Valley Metro Rail, Inc. (METRO) may seek New Starts funding for the proposed project under 49 U.S.C. 5309 and will therefore be subject to New Starts regulations (49 CFR part 611). The New Starts regulation requires a planning Alternatives Analysis that leads to the selection of a locally preferred alternative and the inclusion of the locally preferred alternative as part of the long-range transportation plan adopted by the Maricopa Association of Governments. The New Starts regulation also requires the submission of certain project-justification information in support of a request to initiate preliminary engineering, and this information is normally developed in conjunction with the NEPA process. Pertinent New Starts evaluation criteria will be included in the Final EIS.

The AA/EIS will be prepared in accordance with the NEPA and its implementing regulations issued by the Council on Environmental Quality (40 CFR parts 1500-1508) and with the FTA/Federal Highway Administration regulations “Environmental Impact and Related Procedures” (23 CFR part 771). In accordance with 23 CFR 771.105(a) and 771.133, FTA will comply with all Federal environmental laws, regulations, and executive orders applicable to the proposed project during the environmental review process to the maximum extent practicable. These requirements include, but are not limited to, the environmental and public hearing provisions of Federal transit laws (49 U.S.C. 5301(e), 5323(b), and 5324), the project-level air quality conformity regulation of the U.S. Environmental Protection Agency (EPA) (40 CFR part 93), the Section 404(b)(1) guidelines of EPA (40 CFR part 230), the regulation implementing section 106 of the National Historic Preservation Act (36 CFR part 800), the regulation implementing section 7 of the Endangered Species Act (50 CFR part 402), section 4(f) of the Department of Transportation Act (23 CFR 771.135), and Executive Orders 12898 on environmental justice, 11988 on floodplain management and 11990 on wetlands.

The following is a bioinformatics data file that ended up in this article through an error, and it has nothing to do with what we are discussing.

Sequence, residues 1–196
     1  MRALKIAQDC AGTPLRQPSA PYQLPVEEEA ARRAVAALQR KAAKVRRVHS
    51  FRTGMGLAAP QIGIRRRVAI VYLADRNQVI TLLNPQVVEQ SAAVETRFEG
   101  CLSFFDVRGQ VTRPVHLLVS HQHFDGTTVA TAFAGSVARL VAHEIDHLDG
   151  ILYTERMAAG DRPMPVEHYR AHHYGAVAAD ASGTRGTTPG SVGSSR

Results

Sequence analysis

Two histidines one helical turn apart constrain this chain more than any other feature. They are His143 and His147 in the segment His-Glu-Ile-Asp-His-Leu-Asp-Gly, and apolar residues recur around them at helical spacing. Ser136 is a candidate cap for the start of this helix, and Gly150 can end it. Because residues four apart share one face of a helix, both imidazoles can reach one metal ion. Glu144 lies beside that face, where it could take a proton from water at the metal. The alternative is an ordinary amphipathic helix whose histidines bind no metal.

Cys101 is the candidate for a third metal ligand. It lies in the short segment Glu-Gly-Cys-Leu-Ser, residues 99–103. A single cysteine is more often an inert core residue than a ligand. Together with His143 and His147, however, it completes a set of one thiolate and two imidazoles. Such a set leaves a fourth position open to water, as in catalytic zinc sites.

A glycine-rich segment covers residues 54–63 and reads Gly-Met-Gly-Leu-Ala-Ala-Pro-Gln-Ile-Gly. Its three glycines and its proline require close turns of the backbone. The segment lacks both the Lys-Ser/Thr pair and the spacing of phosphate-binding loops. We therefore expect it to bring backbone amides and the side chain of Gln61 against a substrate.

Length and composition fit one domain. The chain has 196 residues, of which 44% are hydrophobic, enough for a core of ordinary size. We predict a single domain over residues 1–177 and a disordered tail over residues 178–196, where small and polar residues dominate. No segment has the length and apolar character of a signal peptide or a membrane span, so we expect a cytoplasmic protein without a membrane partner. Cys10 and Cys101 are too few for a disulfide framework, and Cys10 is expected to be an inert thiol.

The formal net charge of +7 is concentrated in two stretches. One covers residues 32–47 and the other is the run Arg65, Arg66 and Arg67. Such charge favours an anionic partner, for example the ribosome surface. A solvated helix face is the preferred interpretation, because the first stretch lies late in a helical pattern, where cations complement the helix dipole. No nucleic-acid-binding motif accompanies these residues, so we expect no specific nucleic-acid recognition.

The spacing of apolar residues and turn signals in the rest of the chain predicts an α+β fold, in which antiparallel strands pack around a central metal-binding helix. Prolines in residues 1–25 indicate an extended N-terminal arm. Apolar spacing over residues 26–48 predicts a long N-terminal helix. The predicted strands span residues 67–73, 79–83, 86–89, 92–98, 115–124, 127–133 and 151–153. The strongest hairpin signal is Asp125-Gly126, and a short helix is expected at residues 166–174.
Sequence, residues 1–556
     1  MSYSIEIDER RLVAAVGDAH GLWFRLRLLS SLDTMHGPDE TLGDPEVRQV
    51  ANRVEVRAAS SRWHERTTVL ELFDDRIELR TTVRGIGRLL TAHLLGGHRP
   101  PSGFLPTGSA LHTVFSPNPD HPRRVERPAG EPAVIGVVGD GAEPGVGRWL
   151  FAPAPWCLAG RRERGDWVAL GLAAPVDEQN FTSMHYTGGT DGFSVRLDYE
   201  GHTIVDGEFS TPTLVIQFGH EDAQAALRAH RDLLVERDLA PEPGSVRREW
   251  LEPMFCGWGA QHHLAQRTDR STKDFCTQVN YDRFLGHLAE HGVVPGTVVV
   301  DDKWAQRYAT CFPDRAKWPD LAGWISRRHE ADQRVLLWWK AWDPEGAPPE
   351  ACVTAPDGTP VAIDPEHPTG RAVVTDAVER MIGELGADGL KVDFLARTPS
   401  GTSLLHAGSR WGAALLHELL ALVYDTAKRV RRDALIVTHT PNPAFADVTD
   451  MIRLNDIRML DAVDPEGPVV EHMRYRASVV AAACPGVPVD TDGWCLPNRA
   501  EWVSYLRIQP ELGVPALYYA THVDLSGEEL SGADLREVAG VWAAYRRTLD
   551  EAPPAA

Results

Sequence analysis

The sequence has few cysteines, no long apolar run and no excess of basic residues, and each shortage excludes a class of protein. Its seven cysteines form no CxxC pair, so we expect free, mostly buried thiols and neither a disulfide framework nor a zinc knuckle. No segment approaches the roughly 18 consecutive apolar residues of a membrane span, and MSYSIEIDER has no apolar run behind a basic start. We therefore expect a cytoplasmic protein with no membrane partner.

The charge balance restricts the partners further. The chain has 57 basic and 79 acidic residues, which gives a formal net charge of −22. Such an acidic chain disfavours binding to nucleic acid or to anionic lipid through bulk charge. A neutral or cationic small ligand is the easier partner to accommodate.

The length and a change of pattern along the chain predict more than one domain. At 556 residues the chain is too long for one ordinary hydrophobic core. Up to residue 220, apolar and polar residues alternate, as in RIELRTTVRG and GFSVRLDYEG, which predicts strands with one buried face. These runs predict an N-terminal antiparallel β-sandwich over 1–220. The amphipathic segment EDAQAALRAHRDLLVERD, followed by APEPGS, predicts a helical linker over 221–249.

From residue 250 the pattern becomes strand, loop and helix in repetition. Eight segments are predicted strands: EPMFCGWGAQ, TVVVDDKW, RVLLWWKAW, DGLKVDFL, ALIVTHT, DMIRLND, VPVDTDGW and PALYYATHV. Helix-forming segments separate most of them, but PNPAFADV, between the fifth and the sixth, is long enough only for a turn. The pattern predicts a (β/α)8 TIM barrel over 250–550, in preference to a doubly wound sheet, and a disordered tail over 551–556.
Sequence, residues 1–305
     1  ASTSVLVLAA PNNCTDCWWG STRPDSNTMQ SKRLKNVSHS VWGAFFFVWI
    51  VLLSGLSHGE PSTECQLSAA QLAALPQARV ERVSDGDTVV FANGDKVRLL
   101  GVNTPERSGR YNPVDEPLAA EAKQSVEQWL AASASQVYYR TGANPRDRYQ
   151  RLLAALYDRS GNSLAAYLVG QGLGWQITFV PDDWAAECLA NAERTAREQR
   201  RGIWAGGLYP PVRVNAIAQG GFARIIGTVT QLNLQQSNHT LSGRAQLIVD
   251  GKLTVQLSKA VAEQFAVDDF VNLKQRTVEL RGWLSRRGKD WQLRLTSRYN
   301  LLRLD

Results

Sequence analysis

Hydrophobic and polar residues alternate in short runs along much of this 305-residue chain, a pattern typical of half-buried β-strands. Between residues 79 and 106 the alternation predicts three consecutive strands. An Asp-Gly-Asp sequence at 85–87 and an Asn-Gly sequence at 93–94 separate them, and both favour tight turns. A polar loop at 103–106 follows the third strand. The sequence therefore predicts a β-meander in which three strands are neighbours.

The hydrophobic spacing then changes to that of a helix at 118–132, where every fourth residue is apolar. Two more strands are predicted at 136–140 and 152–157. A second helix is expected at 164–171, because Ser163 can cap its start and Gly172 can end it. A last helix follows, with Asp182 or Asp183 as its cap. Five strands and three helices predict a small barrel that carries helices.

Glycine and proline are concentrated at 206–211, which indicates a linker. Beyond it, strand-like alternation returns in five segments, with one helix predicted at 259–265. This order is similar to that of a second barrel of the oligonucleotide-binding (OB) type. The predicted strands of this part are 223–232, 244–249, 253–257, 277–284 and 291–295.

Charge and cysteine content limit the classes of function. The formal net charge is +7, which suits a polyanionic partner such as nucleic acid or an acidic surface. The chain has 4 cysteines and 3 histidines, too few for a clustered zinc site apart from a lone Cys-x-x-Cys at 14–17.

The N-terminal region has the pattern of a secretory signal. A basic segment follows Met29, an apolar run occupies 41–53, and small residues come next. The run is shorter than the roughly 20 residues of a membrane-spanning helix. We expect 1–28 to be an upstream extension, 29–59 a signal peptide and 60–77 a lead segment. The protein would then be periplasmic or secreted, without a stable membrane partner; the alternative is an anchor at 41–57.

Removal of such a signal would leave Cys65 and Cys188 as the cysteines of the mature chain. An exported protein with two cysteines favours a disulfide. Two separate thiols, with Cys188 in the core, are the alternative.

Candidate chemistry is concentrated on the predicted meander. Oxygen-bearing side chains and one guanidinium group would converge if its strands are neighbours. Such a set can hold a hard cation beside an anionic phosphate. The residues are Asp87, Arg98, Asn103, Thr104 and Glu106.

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Issued on: July 25, 2007.

Leslie T. Rogers,

Regional Administrator, FTA Region IX.

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[FR Doc. 07-3815 Filed 8-2-07; 8:45 am]